Previews// Gamescom 2011: F1 Online

Posted 26 Aug 2011 17:50 by
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F1 Online is a browser-based F1 management game. It's split into two sections. There's the driver element where the player takes the role of an F1 competitor that drives for a team through a season. Then there's the other section - the management side of the game. This is where a player can start from scratch a brand new team in a fictional version of F1.

The first section is the racing mode that comes with a variety of types, such as full Grand Prix weekend where qualifying for race position for the main race occurs. Other types include quick races that are limited to three laps that last around 10 minutes.

The racing is presented via a top-down view, with the car being controlled by the mouse. The player essentially drags the car around the track, with the distance the cursor is away from the car determining the speed it is going at. This sounds fiddly, but it is actually very intuitive.

The management side of the game is very customisable, thanks to the player having to create a team from scratch. Everything from car liveries to the racing suits and helmets their racers wear can be altered in some way.

As the player progresses through the game they can extend their base of operations, which starts out as a relatively modest affair. The expansions include larger R&D facilities and improved manufacturing tool-shops.

The game will be Free to Play upon its release with premium items such as liveries and progression acceleration being the most common draws on your cash.

The game has been developed using the Unity engine, which can run full blown 3D games within a browser window without the need of a separate client. The assets from the console and PC simulation game have been used in the development of F1 Online: The Game. This has saved them some time, but has required them to draw in elements not required in the simulation title such as roofs to buildings.

Having had a look at the game, I caught up with Michael Rowland (Producer) and Tom Gleadall (Lead Designer) for a few quick questions.

SPOnG: How have you found working with the Unity Engine?

Michael Rowland: The people at unity have been very supportive and have done a lot to help us create the game.

SPOnG: Have you considered making this game for tablet platforms?

Michael Rowland: It?s something we have been looking at, but for now we are focused on the browser as the primary platform for the game.

SPOnG: Other than the sharing of graphical assets from the F1 2011 simulation game, are there plans for any other integration between the two titles?

Tom Gleadall: It would be great that some time in the future there is some further integration between the two games, but at present it?s not something we have designed into the game from the offset.

SPOnG: How is the game going to be funded, seeing as it?s a free to play game?

Tom Gleadall: All of the content is going to be available for free. There are no tracks or cars lock away behind a pay-wall. What will be charged for are things like convenience and vanity items, such as super special liveries that can only be bought from the in-game store. For convenience items we?ll offer rate of progress shortcuts for a small fee.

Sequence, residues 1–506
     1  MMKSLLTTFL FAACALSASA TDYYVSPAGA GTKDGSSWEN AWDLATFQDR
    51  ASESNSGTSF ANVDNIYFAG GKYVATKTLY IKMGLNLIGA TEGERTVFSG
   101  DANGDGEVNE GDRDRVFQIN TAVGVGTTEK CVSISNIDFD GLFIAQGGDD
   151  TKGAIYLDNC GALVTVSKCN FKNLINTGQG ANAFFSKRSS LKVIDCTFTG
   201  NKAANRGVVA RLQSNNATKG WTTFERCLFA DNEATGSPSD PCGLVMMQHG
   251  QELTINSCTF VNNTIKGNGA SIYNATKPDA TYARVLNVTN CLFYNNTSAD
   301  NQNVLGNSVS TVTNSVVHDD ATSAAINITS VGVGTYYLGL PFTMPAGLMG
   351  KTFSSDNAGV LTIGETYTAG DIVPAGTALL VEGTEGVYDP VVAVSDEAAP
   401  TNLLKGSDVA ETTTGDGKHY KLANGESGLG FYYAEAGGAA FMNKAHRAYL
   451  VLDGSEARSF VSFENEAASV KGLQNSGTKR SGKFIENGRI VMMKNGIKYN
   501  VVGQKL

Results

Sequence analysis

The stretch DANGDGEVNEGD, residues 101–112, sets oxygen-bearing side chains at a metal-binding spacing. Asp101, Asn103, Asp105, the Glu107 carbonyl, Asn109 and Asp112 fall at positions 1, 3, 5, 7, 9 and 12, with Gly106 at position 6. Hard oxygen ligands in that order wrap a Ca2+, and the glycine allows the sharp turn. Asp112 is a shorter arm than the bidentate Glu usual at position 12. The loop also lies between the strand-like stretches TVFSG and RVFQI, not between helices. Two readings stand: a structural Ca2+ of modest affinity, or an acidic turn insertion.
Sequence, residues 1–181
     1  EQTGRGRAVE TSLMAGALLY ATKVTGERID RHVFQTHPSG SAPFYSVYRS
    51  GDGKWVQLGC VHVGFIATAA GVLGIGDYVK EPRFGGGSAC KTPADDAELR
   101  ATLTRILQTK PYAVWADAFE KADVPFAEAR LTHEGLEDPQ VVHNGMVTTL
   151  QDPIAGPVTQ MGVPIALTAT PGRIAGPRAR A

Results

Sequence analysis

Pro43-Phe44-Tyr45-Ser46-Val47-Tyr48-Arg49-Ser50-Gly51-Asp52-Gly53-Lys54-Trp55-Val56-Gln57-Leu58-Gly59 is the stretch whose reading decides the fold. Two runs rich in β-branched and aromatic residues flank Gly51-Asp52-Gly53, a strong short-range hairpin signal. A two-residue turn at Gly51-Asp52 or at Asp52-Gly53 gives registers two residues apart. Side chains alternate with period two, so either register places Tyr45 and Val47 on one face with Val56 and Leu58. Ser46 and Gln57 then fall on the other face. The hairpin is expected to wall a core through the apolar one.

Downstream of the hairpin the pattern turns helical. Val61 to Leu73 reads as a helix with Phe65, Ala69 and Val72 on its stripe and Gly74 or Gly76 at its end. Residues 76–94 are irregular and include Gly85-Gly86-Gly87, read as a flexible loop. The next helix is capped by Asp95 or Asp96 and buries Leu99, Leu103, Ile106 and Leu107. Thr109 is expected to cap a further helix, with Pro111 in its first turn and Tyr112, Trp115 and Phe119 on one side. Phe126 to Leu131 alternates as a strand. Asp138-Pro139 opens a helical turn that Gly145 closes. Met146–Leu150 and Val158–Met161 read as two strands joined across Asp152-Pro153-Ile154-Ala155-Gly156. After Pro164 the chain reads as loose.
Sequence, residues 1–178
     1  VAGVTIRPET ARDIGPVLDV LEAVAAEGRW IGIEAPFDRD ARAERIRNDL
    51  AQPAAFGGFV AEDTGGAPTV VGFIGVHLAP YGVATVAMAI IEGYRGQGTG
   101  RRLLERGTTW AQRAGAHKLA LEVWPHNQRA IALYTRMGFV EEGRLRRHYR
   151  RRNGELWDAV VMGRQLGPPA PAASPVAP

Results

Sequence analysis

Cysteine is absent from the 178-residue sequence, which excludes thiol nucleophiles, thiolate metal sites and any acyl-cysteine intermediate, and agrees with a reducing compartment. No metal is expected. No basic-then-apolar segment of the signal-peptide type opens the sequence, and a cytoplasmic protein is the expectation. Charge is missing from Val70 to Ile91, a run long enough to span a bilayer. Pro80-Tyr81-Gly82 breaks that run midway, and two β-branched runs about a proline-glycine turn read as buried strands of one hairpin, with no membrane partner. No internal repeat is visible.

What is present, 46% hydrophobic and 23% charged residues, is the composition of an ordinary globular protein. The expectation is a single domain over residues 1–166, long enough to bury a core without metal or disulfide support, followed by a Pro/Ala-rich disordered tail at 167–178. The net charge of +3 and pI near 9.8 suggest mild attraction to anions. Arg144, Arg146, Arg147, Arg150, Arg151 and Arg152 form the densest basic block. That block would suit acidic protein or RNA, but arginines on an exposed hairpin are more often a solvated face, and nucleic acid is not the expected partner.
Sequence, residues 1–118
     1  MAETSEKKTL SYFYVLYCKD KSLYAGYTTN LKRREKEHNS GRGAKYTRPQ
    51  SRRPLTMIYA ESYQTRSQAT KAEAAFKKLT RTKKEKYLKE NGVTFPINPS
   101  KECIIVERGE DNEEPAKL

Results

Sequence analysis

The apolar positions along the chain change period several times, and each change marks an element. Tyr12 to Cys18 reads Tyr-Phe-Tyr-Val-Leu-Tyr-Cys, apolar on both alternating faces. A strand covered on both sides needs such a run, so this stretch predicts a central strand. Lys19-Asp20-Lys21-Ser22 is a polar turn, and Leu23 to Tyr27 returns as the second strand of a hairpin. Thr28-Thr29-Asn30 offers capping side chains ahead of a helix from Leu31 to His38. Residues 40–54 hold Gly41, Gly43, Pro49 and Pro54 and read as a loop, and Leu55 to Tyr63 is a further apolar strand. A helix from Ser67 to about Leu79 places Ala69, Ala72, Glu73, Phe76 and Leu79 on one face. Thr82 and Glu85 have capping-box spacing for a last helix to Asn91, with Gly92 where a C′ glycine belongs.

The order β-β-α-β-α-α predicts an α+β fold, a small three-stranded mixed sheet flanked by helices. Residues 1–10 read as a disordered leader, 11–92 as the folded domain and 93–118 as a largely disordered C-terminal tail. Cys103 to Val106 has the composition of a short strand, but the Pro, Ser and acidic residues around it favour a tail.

Michael Rowland: We have a lot of experience with micro-transaction models. We have released MMO?s that support a similar model such as RF Online, Archlord, Dungeons and Dragons Online and Lord of the Rings Online. We?re pretty comfortable that we have quite a bit of experience over the last five years or so on what works and what doesn?t.

SPOnG: Have you taken any inspiration from iRacing on what they have done and are doing in the development for F1 Online?

Michael Rowland: I was chatting to someone from Turbine about iRacing and I haven?t actually seen the game, so no not as yet. But we will certainly take a look at it.

SPOnG: The build you?re showing here doesn?t have much in the way of brake-lines being shown on the track, will that be addressed in the final game?

Tom Gleadall: What you?re seeing here is very place holder in status and more work is being done to address the prevalence of brake-lines. At present there is the issue of corners creeping on the player so we?re looking into way to address that. One solution we?re reviewing is small icon warnings like you get on rally games that tell the player what kind of turn is ahead.

SPOnG: What about the number of players? Are you going to have the full racing line up for online multiplayer?

Tom Gleadall: We have been working on this a lot in the studio. We?re looking to support 12 players at launch with the possibility of increasing that to 24 at a later date. It all depends how it plays really.

SPOnG: With this game being browser based, it must be running off of a server, correct?

Michael Rowland: We have a data centre in Amsterdam where Lord of the Rings Online used to run from. So we are using that to run F1 Online: The Game.

SPOnG: Good luck with the game, Thank you for your time.

F1 Online is due out in Q1 2012, with close beta sign ups currently being sought right here.
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